- The Washington Times - Wednesday, December 17, 2003


Free antiretrovirals for HIV patients soon

KAMPALA — Uganda will start supplying free antiretroviral drugs in February to people infected with HIV, the virus that causes AIDS, Health Minister Brig. Jim Muhwezi said yesterday. The country has achieved remarkable success in fighting AIDS, cutting HIV infection rates from 30 percent in 1990 to about 5 percent now.

“It is going to be gradual. We shall start with orphans, people involved in the mother-to-child transmission program, health workers who contract the disease while carrying out their duties, and other less privileged groups,” Dr. Muhwezi told Agence France-Presse in a telephone interview.

International donors, including the U.N. Global Fund for AIDS, TB and Malaria, expect to hand out nearly $280 million to fight AIDS in Uganda, according to the minister.


Moi will defyprobers of sla ying

NAIROBI — A parliamentary committee investigating the unsolved 1990 slaying of a prominent minister has told former president Daniel arap Moi to appear before it or risk prosecution, its chairman said.

“The committee has issued instructions to Mr. Moi, who was then head of state, to appear before it to clarify some issues. The committee has proposed that he appear on Jan. 5,” Eric Sungu told Agence France-Presse. “The committee has every right to summon [him], given that he made statements that created an impression that his government was aware of the death.”


African leaders will tackle turmoil

NAIROBI, Kenya — South African President Thabo Mbeki and several other top African officials are expected in the Comoro Islands of the Indian Ocean this weekend for talks aimed at resolving the archipelago’s persistent political turmoil, an African Union (AU) source said yesterday.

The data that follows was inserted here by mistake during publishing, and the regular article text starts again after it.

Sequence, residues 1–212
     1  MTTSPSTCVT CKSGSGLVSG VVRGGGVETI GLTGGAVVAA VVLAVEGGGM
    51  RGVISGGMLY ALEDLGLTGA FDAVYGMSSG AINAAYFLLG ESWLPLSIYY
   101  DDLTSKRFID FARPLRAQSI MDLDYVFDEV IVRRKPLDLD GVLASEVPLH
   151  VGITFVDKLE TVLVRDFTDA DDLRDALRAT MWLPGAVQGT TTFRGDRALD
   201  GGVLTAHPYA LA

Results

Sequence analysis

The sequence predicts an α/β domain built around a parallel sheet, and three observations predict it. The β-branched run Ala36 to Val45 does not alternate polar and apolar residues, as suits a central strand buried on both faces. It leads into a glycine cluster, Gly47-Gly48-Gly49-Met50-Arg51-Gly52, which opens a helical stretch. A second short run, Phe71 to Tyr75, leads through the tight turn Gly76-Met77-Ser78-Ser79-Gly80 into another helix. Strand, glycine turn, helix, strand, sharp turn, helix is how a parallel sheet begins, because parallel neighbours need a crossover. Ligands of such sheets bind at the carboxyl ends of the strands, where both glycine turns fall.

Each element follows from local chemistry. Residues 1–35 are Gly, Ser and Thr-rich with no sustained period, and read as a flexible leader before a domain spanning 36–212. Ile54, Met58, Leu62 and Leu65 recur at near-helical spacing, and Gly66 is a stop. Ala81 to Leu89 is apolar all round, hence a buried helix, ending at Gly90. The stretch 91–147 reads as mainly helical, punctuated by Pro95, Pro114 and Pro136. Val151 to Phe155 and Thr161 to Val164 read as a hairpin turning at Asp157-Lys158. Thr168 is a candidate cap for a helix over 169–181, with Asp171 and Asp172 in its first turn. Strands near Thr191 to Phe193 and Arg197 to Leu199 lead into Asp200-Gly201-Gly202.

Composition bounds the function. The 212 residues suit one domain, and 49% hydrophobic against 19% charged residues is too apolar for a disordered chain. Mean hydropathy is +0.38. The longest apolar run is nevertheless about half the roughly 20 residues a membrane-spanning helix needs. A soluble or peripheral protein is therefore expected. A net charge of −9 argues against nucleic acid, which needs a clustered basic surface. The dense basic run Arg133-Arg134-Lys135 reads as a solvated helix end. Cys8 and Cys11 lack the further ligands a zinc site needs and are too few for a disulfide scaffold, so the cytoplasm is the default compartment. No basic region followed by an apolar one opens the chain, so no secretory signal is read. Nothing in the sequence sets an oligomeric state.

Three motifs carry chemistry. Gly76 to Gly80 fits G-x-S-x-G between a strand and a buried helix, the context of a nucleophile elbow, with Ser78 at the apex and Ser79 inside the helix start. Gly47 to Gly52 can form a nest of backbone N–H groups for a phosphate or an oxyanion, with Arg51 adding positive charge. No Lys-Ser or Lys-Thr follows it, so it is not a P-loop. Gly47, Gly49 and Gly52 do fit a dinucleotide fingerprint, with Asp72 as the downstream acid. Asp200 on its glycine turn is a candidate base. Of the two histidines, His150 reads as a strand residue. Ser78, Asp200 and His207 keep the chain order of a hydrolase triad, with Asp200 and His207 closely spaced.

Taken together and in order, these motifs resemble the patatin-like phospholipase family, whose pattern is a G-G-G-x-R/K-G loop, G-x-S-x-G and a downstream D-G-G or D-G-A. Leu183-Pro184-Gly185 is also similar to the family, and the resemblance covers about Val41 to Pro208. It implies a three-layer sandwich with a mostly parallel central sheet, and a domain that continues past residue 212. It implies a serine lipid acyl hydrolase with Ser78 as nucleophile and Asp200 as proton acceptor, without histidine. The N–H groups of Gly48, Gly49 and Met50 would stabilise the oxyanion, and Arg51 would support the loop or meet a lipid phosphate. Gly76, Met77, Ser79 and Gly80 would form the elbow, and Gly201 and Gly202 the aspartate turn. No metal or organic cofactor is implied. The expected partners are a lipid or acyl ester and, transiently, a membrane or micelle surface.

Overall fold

The president of the Union of the Comoros, Col. Azali Assoumani, and the leaders of the country’s constituent semiautonomous islands, are expected to take part in the summit.

Weekly notes …

Khartoum and a west Sudan rebel group said yesterday that peace talks aimed at ending an uprising have failed, threatening an upsurge in fighting that aid workers say has already displaced half a million people. The government and the Sudan People’s Liberation Army blamed each other for the collapse of talks. A government official said a cease-fire in place since September was now over. The SPLA said it would declare a formal end to the truce if attacked. … More than 11,000 Liberian fighters have given up their weapons since the start of a disarmament to end 14 years of war, the United Nations said before starting a month-long break in the program yesterday. The U.N. force said it will use the break, which runs until Jan. 20, to improve capacity and upgrade living quarters at the camp.

Copyright © 2019 The Washington Times, LLC. Click here for reprint permission.

The Washington Times Comment Policy

The Washington Times welcomes your comments on Spot.im, our third-party provider. Please read our Comment Policy before commenting.


Click to Read More and View Comments

Click to Hide